The issue of illegal migration into this nation is a festering problem that will not be solved by a wall built across the southern U.S. border. Recently, several hundred illegal migrants, mostly children, snuck through tunnels under part of a border fence in Arizona and immediately thereafter turned themselves in to U.S. Customs and applied for asylum. But even if these tunnels are a detectable stunt that somehow went unnoticed this time around amid the current chaos in Washington, the larger picture nevertheless dictates that a barrier is not the solution to this problem.
In the current standoff that has partially shut down the federal government, Washington D.C., the president has blinked first by offering Democrats a deal which would extend further temporary protections to DACA and other illegal aliens, in a desperate gesture that has only set his cause back. If a protective wall is supposed to seal off virtually all illegal immigrants who do not come through legal ports of entry, you basically sabotage the ideals of that strategy by capitulating to allow 12 million illegals to remain and pursue the larger goal of amnesty. Indeed, if this nation is currently hurting due to droves of illegal aliens, the goal should be to get them out as soon as possible — as well as to do everything possible to keep them out in the future.
The president’s larger problem, however — and the main reason he is not getting what he wants — is the fact that a border wall runs fundamentally contrary to the soul of this nation as embodied in the last words of our nation’s anthem: “Land of the Free, and the home of the brave.” If people around the globe no longer respect this nation, then even a wall will not stop the masses from exploiting our overly porous laws. Moreover, our vulnerability to incursions along the border runs so deep that even if the law were amended, our legal ports of entry will no doubt continue to be stormed by organized caravans constructed by leftist and revolutionary groups in South America — many whom have forged alliances with leftist groups here that seek to alter the culture of this nation.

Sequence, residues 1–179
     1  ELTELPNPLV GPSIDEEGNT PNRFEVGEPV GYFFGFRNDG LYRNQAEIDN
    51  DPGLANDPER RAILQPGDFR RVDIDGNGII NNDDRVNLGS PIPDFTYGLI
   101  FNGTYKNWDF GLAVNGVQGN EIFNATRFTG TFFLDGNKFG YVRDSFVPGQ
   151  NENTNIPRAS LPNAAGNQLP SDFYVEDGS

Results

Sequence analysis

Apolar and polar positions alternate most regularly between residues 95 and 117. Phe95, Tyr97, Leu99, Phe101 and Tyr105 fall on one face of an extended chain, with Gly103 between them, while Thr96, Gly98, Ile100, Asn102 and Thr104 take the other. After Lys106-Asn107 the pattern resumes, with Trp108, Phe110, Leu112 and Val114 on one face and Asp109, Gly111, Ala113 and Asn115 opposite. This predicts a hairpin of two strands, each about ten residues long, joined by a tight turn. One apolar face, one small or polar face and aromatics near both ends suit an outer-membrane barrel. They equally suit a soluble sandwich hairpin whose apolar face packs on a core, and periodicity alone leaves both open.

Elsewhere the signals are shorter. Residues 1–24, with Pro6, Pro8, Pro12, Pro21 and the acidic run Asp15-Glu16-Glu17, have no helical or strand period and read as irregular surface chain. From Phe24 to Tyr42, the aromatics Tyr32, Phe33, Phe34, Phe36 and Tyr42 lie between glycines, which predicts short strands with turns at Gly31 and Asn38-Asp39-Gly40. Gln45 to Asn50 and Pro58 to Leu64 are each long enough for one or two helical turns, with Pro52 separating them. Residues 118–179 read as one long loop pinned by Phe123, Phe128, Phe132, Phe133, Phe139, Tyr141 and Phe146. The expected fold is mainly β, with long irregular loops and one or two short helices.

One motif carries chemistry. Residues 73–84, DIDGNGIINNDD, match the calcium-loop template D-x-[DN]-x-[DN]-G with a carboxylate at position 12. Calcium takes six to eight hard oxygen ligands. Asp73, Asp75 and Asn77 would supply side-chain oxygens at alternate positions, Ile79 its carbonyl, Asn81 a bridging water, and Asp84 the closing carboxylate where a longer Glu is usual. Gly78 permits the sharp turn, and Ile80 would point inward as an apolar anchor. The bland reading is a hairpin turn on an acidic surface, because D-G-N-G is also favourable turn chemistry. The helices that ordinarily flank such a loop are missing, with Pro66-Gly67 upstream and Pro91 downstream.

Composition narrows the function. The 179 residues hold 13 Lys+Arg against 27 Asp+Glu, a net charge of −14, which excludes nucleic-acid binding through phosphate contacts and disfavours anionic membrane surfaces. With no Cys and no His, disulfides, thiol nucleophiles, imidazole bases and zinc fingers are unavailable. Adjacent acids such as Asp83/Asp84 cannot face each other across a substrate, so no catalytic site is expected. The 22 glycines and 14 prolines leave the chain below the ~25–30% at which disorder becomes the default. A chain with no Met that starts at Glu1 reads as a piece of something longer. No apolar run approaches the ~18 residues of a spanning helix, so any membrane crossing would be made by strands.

The answer to this not-so-vexing problem is quite obvious. It is not building a wall, fence, barrier or whatever other name you have for something that is going to run contrary to this nation’s ideals.
The answer is to change those laws that badly need to be changed, and to tighten the bureaucratic noose around those who would seek to exploit America’s great legacy of compassion by storming our border with the aim of overwhelming our administrative capacities and illegally acquiring residence here.
The law should permit only those who come through legal ports of entry to be eligible for asylum, with few exceptions, perhaps, for those literally running for their lives. Drug or human traffickers who are caught after having crossed at illegal points of entry should be sent to Guantanamo Bay, while others caught smuggling at legal points of entry should be prosecuted and punished to the full extent of the law.
Instead of shutting down the government over something that is costly and controversial, the president should abstain from endorsing any piece of legislation or indulging in any legislative compromise favored by the Democrats until the immigration law is amended and adequate money is allotted to expand immigration-processing agencies at the border. If the Democrats balk at amending the immigration laws without any functional barrier in place, the president will then be able to claim the moral high ground and perhaps unilaterally accomplish the degree of protection on the border we need, using his emergency powers.
With the nation firmly at his back, the president could use his constitutional powers to expand ICE and ratchet up law enforcement at the border. He could also try to use his emergency powers to take official action against those politicians responsible for maintaining sanctuary cities if they still refuse to cooperate with ICE and continue to shield illegal aliens.
Immigration policies have to be consistent to be effective. You cannot advocate strongly for enhanced border security and consent to going easy on the undocumented without appearing weak before the nation. The urgent challenges we are experiencing to this nation’s sovereignty are way too serious to be playing “let’s make a deal.”
Those who produce strong arguments for rescinding the protections under DACA and expediting the deportations of all those foolish enough to dream about receiving a windfall through the violation of our laws are accurate and correct. And as President Trump also recently pointed out, birth laws that permit the offspring of illegal border crossers to claim citizenship have to be amended as well.
A border wall makes a nation appear to be weak, even if it accomplishes some of its goals. The president has cited Israel as a case where a wall has been effective in keeping out the unwanted, but it is still arguable whether the wall has reduced incidents of terrorism. The number of terror incidents against Jews in Israel have continued mainly due to the weak punishments and deterrents that are used against the terrorists themselves, as well as against their families and benefactors. Correspondingly, in the U.S., no policy has initiated more lawlessness and violent predation by aliens against U.S. citizens than Obama’s disdainful practice of ‘catch and release’ at the border.
Mostly, however, the wall in Israel was built as a political expediency to ward off the devastating effects of worldwide intransigence when it comes to agreeing to let Israel attend to its defense needs. In this country, the “good old USA,” the only thing preventing us from accomplishing what is needed is our own infighting. Unlike Israel, we do not even need an implacable enemy to retard our progress as a nation; we have only ourselves.
Lawrence Kulak is an attorney and freelance writer.